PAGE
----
There is still quite a lot of stuff in the bungalow and I could be tempted to give a home to some more of it but my brother has already complained that I have taken more than him. I have taken the view that our parents would rather we gave a home to their possessions than allowing them to end up in a charity shop. Otherwise it will be the tip, or for a few items an auction sale room.

The bungalow is now for sale. The Greenwich Meridian Line runs through East Grinstead and the bungalow is just to the east of it. There is a stone, photographed right, between my Mother's bungalow and the neighbouring bungalow marking the exact position of the Greenwich Meridian Line. Both the garden of my Mother and here next door neighbour are overgrown, but the Greenwich Meridian Line stone can still be clearly seen. I am not sure if there is any significance attached to the fact that the Greenwich Meridian Line runs through East Grinstead and I am pretty sure that the stone was not there when my Mother bought the bungalow.

Saturday 16 January 2010

A Hard Day's Night

At last, relief in the shape of warmer weather, for our hard working central heating boiler, which has been on day and night non stop, give or take a few hours, for a month now, because of the unusually cold weather. Let me explain. Our central heating boiler is situated in the garage and protected by a frost stat which has been a hard task master recently. However, the boiler has not always been in the garage.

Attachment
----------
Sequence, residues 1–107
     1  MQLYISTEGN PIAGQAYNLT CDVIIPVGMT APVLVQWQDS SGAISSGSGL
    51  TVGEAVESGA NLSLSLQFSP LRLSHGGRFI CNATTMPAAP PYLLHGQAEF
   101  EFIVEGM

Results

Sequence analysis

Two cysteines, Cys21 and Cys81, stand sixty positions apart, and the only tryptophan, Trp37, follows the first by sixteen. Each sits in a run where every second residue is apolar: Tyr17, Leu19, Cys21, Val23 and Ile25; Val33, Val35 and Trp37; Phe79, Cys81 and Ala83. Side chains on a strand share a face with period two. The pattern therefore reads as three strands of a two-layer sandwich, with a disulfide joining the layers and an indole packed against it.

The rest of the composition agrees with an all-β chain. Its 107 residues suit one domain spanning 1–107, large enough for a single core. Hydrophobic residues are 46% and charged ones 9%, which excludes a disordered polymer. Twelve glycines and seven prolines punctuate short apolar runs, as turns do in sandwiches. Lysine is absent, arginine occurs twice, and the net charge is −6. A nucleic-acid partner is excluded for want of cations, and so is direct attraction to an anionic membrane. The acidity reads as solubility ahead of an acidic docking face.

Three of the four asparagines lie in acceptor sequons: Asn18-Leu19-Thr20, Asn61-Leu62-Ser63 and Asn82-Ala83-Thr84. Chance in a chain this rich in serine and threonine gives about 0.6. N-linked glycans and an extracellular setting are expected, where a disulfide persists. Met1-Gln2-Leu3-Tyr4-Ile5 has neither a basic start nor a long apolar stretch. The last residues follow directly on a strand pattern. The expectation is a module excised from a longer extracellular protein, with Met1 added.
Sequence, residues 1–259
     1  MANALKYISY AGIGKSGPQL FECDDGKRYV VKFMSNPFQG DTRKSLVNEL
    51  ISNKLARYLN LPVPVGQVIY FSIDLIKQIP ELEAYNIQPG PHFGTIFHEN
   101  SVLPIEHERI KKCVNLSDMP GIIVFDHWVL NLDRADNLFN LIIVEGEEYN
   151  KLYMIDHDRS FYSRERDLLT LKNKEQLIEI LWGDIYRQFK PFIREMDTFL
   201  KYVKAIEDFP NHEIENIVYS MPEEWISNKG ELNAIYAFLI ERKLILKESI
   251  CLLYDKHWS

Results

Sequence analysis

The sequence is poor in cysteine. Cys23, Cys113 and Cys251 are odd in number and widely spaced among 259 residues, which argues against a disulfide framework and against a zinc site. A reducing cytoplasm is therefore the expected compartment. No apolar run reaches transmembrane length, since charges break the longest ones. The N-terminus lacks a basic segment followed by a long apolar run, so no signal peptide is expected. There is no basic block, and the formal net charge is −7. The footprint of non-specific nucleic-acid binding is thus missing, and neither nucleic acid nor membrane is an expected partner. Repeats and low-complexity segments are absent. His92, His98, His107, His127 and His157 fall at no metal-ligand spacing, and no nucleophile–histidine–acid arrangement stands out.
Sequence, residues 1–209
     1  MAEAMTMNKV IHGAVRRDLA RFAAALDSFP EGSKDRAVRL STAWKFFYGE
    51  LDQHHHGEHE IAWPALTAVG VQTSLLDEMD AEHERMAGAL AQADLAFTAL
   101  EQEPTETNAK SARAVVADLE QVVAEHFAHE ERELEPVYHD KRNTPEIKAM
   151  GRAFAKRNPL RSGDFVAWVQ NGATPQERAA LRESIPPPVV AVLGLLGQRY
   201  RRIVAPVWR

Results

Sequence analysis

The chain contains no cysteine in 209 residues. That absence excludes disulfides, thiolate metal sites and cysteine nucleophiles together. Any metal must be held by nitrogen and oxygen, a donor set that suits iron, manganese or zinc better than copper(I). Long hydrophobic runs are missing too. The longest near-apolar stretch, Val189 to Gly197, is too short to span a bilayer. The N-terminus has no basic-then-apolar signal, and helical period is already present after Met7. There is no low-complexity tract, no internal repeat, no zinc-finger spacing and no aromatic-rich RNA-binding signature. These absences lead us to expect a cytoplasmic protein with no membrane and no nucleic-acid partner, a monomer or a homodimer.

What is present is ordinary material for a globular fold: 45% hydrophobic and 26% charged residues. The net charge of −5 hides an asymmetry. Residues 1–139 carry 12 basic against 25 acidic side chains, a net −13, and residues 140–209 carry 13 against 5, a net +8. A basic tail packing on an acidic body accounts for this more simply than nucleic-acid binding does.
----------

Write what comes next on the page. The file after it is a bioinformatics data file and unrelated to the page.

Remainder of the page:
When we first moved to the cottage the central heating boiler, which is oil fired, was in the utility room, under our bedroom. This meant that the second in the morning that it shuddered into life, we were wide awake. It sounded like a steam engine starting up. We thought about moving it into the garage, but were put off by the four figure estimates that we received for the work involved to move it. For a time we just had to learn to live with it. But undeterred, when the builder started on our alterations, I chanced my arm or my luck and asked him about moving the boiler into the garage. All the floor boards, that he was going to need to take up, were going to be up anyway for the installation of the new shower room and bathroom. He came back with a three figure estimate so we decided to go ahead and have it moved. Apart from the noise that the the wretched thing was making, it had a habit of going out what seemed like every time the wind blew across the farmer's field and up our garden. We hoped that by moving it into the garage it would be in a more sheltered position and be less likely to go out.